Microsoft has made it official that it has acquired Swiftkey, the popular keyboard app for Android and iOS. While Microsoft already has Word Flow keyboard for Windows Phone, the software giant is planning to integrate Swiftkey into its keyboard app, Microsoft mentioned in a blog post. Microsoft did not disclose how much it paid for the keyboard maker, an earlier report today had pegged it at around $250 million. Also Read - Microsoft Xbox Live was down for over five hours; here's what happened next
“We love SwiftKey’s technology and we love the team that Jon and Ben have formed, We believe that together we can achieve orders of magnitude greater scale than either of us could have achieved independently,” said Harry Shum, Executive VP for Technology and Research at Microsoft. Also Read - Microsoft could soon roll out FPS Boost support for Xbox 360-era and older games
He further added saying “in this cloud-first, mobile-first world, SwiftKey’s technology aligns with our vision for more personal computing experiences that anticipate our needs versus responding to our commands, and directly supports our ambition to reinvent productivity by leveraging the intelligent cloud.” Also Read - Microsoft Surface Pro 7+ launched in India alongside Surface Hub 2S 85-inch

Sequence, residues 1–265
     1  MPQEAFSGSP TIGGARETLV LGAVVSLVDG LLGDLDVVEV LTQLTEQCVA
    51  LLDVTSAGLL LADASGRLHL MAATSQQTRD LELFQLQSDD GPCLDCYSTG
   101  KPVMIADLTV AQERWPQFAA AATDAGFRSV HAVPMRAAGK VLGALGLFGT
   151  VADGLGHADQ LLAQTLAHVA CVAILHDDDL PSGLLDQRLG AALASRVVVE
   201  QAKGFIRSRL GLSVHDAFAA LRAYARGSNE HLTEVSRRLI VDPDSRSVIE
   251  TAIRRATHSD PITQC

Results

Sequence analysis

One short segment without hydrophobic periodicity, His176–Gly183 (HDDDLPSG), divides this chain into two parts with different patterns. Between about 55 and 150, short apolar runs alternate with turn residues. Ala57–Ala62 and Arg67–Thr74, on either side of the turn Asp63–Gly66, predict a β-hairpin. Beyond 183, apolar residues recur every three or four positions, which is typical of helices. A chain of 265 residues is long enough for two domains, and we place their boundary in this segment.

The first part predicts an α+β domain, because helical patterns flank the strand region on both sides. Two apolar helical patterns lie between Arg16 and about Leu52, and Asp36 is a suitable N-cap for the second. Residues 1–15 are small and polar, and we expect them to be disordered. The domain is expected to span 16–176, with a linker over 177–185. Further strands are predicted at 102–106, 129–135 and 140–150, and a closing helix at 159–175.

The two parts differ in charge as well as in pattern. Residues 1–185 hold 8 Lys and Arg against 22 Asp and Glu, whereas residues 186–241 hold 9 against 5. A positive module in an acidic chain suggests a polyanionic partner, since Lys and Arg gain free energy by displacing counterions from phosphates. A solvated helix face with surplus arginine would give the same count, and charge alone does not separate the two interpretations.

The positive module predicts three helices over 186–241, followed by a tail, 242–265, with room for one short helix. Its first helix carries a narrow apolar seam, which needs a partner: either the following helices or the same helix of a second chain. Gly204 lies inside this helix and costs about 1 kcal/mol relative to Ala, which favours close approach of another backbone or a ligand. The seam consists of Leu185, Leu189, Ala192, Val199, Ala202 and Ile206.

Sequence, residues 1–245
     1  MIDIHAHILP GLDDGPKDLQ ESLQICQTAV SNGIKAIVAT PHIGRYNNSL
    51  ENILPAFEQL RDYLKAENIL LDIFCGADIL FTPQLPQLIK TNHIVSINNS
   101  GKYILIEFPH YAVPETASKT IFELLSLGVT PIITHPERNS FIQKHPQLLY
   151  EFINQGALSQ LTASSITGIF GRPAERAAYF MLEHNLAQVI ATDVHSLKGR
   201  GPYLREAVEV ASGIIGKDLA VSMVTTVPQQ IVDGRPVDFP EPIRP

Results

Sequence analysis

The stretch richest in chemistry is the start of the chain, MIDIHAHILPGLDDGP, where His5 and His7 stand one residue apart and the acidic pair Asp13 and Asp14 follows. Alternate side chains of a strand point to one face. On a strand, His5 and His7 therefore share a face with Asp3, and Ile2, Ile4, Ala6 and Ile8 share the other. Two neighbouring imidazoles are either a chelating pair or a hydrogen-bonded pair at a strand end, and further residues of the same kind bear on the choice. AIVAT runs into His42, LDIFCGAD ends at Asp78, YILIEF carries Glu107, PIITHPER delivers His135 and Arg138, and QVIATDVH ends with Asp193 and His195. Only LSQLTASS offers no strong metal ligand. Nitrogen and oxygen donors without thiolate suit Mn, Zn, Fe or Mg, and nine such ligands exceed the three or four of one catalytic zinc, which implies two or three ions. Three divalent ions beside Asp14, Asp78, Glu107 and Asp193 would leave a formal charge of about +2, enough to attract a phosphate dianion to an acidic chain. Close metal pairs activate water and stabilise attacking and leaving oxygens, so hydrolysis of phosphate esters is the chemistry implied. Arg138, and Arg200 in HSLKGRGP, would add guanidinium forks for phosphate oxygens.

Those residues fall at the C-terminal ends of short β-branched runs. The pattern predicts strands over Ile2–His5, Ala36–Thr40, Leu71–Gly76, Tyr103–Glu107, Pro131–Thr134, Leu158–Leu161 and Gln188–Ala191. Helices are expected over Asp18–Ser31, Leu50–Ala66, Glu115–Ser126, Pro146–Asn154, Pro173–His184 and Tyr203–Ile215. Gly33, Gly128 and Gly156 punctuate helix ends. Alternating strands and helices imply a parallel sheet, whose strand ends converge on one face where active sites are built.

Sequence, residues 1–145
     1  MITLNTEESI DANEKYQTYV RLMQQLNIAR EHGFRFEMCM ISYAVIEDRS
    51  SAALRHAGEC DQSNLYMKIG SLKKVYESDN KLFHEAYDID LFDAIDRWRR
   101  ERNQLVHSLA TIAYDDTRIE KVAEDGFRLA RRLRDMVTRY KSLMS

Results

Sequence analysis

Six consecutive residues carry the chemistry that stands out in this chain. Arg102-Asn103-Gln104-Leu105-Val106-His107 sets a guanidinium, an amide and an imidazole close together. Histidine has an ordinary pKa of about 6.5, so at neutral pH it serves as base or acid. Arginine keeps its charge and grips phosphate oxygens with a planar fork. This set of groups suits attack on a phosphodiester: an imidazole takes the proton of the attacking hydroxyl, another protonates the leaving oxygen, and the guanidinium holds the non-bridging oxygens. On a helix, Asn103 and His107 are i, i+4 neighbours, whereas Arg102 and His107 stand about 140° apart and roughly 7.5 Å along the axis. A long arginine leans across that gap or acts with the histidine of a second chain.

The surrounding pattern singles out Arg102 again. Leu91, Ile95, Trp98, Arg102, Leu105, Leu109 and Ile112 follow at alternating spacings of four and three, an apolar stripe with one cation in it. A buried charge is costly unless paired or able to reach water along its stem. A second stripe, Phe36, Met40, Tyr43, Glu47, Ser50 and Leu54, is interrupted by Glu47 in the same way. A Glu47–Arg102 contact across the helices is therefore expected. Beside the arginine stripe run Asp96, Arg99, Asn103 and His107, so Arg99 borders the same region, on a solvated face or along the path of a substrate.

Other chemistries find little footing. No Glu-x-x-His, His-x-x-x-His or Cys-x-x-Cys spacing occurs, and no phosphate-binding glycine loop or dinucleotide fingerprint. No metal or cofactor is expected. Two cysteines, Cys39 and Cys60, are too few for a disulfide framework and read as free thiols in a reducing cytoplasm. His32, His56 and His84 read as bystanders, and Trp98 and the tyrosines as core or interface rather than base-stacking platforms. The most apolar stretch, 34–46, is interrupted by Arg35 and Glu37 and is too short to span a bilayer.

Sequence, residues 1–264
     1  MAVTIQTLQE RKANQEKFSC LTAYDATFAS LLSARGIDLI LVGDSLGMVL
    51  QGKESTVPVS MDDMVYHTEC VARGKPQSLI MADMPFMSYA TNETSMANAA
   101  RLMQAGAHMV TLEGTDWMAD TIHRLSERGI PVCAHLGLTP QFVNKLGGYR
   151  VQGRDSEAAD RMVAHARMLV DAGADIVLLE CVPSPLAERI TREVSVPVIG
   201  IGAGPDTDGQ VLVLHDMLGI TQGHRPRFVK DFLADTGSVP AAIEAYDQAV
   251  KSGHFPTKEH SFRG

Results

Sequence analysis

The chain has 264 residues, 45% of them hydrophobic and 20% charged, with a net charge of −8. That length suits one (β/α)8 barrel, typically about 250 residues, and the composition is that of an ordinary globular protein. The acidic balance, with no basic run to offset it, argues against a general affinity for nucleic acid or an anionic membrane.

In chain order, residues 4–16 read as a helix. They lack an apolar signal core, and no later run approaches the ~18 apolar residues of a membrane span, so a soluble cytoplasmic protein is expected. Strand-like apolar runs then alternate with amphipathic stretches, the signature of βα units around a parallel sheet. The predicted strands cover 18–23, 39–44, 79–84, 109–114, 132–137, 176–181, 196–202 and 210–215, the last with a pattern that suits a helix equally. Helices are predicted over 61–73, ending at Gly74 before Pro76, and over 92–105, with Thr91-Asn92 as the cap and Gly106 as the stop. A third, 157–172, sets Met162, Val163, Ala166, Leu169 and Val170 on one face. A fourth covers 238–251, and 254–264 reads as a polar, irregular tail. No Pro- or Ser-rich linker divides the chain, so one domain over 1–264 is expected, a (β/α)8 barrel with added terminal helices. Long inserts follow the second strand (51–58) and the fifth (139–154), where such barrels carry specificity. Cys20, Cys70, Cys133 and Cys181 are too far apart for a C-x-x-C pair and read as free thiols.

Besides acquiring SwiftKey, its team is also set to join and work closely with Microsoft research team. Microsoft admires Swiftkey’s work on artificial intelligence, which uses neural network instead of basic algorithm to predict words. It is also likely that Microsoft may integrate it with Cortana. Microsoft, however, confirmed that it would let SwiftKey as independent apps for both Android and iOS.
“We’ll continue to develop SwiftKey’s market-leading keyboard apps for Android and iOS as well as explore scenarios for the integration of the core technology across the breadth of our product and services portfolio. Moreover, SwiftKey’s predictive technology aligns with Microsoft’s investments and ambition to develop intelligent systems that can work more on the user’s behalf and under their control,” Shum writes.
The Swiftkey acquisition is yet another example of Microsoft’s continued efforts in pushing software and services on Android and iOS. Besides acquiring Wunderlist, Acompli and Sunrise, the company has also made a handful of Android and iOS apps under its Garage program.